The Supreme Court removed Mr Sharif in late July following an investigation into the allegations against him and his family, making him the 15th premier in Pakistan's 70-year history to be ousted before completing a full term.
The case against the former Prime Minister stemmed from the Panama Papers leak last year, which spurred a media frenzy over the extravagant lifestyles and high-end London property portfolio of the Sharif dynasty.
"All these review petitions are dismissed," said Supreme Court justice Asif Saeed Khosa who oversaw the five-member review panel.
In a long-winded appeal demanding that his case be reviewed, Mr Sharif's legal team presented 19 points challenging the court's judgement, saying the ruling suffered "from errors floating on the surface".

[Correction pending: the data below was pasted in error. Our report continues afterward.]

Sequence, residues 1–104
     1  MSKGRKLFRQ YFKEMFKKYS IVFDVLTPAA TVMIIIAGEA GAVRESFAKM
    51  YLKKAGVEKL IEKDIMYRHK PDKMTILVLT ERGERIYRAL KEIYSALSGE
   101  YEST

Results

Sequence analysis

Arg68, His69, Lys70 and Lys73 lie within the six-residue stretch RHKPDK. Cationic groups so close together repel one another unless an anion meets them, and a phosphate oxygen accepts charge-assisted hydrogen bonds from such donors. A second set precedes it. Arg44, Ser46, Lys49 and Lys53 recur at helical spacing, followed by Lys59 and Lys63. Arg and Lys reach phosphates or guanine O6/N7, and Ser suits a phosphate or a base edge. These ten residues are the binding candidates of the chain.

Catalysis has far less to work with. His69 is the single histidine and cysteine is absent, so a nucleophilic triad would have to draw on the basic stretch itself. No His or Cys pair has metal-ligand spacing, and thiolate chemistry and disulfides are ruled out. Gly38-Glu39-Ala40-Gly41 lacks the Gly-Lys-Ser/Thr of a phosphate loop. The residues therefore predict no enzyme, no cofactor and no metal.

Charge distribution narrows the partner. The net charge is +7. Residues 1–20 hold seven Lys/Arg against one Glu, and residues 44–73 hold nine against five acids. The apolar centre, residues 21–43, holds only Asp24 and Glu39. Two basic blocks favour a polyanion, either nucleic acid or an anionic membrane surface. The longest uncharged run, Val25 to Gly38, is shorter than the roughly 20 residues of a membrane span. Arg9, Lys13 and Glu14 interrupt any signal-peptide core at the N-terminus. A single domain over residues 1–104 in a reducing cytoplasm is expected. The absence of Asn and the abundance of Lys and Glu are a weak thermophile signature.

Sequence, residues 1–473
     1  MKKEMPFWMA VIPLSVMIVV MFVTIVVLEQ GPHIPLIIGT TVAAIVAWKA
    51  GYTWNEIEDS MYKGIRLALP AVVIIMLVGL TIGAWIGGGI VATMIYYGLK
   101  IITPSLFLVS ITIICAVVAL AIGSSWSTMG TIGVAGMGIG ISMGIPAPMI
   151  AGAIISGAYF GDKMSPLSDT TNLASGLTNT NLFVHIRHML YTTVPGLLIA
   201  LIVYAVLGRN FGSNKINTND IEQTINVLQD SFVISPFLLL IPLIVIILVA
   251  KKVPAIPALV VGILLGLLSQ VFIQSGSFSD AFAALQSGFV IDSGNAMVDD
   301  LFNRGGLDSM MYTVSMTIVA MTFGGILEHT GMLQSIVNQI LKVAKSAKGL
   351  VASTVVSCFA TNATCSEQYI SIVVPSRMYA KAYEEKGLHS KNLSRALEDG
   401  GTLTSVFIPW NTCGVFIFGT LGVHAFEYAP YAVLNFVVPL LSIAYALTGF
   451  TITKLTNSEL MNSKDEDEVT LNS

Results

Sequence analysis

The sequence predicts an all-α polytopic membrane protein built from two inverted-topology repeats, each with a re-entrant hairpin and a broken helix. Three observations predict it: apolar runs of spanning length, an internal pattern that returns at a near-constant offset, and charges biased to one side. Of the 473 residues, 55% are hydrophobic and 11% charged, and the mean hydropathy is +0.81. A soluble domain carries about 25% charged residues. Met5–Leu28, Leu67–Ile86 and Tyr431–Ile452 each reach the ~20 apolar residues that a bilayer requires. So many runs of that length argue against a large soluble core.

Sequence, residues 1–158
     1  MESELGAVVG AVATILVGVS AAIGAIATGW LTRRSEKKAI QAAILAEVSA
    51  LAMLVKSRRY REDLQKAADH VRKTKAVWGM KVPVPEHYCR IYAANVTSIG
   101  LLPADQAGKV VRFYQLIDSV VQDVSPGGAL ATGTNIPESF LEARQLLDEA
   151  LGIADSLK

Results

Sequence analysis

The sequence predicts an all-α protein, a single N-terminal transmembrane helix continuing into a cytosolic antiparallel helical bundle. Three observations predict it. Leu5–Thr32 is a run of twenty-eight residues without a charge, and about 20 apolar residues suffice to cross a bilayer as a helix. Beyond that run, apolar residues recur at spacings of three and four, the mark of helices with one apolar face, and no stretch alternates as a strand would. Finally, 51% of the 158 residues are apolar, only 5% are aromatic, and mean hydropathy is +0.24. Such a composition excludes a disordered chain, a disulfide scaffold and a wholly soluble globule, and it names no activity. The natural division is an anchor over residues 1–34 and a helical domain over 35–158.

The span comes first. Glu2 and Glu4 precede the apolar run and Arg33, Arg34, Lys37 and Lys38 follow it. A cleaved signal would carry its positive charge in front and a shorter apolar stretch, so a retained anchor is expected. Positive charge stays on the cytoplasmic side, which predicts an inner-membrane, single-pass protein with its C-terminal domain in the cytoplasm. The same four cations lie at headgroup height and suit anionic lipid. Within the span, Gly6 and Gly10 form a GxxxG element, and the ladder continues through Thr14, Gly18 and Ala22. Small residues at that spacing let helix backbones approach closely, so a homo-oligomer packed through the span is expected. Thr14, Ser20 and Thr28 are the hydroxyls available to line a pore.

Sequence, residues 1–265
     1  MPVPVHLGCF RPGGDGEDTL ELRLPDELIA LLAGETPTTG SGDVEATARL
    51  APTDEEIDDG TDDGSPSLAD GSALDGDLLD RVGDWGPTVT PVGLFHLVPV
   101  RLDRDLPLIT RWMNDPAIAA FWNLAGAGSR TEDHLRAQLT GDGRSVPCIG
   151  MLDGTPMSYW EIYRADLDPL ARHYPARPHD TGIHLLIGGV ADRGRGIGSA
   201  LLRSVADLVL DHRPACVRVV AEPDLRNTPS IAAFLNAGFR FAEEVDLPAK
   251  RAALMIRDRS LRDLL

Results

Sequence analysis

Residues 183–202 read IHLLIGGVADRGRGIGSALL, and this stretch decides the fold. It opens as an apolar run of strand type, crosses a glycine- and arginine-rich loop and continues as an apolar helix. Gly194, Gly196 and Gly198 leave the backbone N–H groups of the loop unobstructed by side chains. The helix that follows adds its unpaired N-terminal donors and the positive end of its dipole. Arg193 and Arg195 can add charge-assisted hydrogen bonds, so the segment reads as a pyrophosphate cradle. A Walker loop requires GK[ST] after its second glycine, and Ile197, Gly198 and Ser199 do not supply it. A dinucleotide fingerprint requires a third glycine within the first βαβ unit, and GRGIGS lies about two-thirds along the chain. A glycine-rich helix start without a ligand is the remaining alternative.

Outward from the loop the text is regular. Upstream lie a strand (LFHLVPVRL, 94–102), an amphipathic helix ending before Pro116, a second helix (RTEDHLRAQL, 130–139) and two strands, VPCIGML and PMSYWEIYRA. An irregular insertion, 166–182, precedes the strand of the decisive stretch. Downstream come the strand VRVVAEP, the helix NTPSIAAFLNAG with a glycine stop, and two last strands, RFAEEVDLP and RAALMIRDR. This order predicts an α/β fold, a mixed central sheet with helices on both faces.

The Supreme Court has also ordered the country's anti-corruption watchdog, the National Accountability Bureau, to open a criminal case against Sharif, his sons- Hussain and Hassan- and his daughter Maryam.
Last month Mr Sharif led legions of supporters from the capital Islamabad to his hometown, Lahore, in a days-long procession that brought thousands into the streets in a show of force.
During the trip Sharif repeatedly blasted the court's actions, saying the decision was an "insult" to Pakistanis.
The latest ruling comes days ahead of a by-election to fill Mr Sharif's parliamentary seat in Lahore that is being contested by his wife Kalsum, who is being treated for throat cancer in London.
The seat has long been controlled by Mr Sharif and his allies who consider Lahore to be their political stronghold.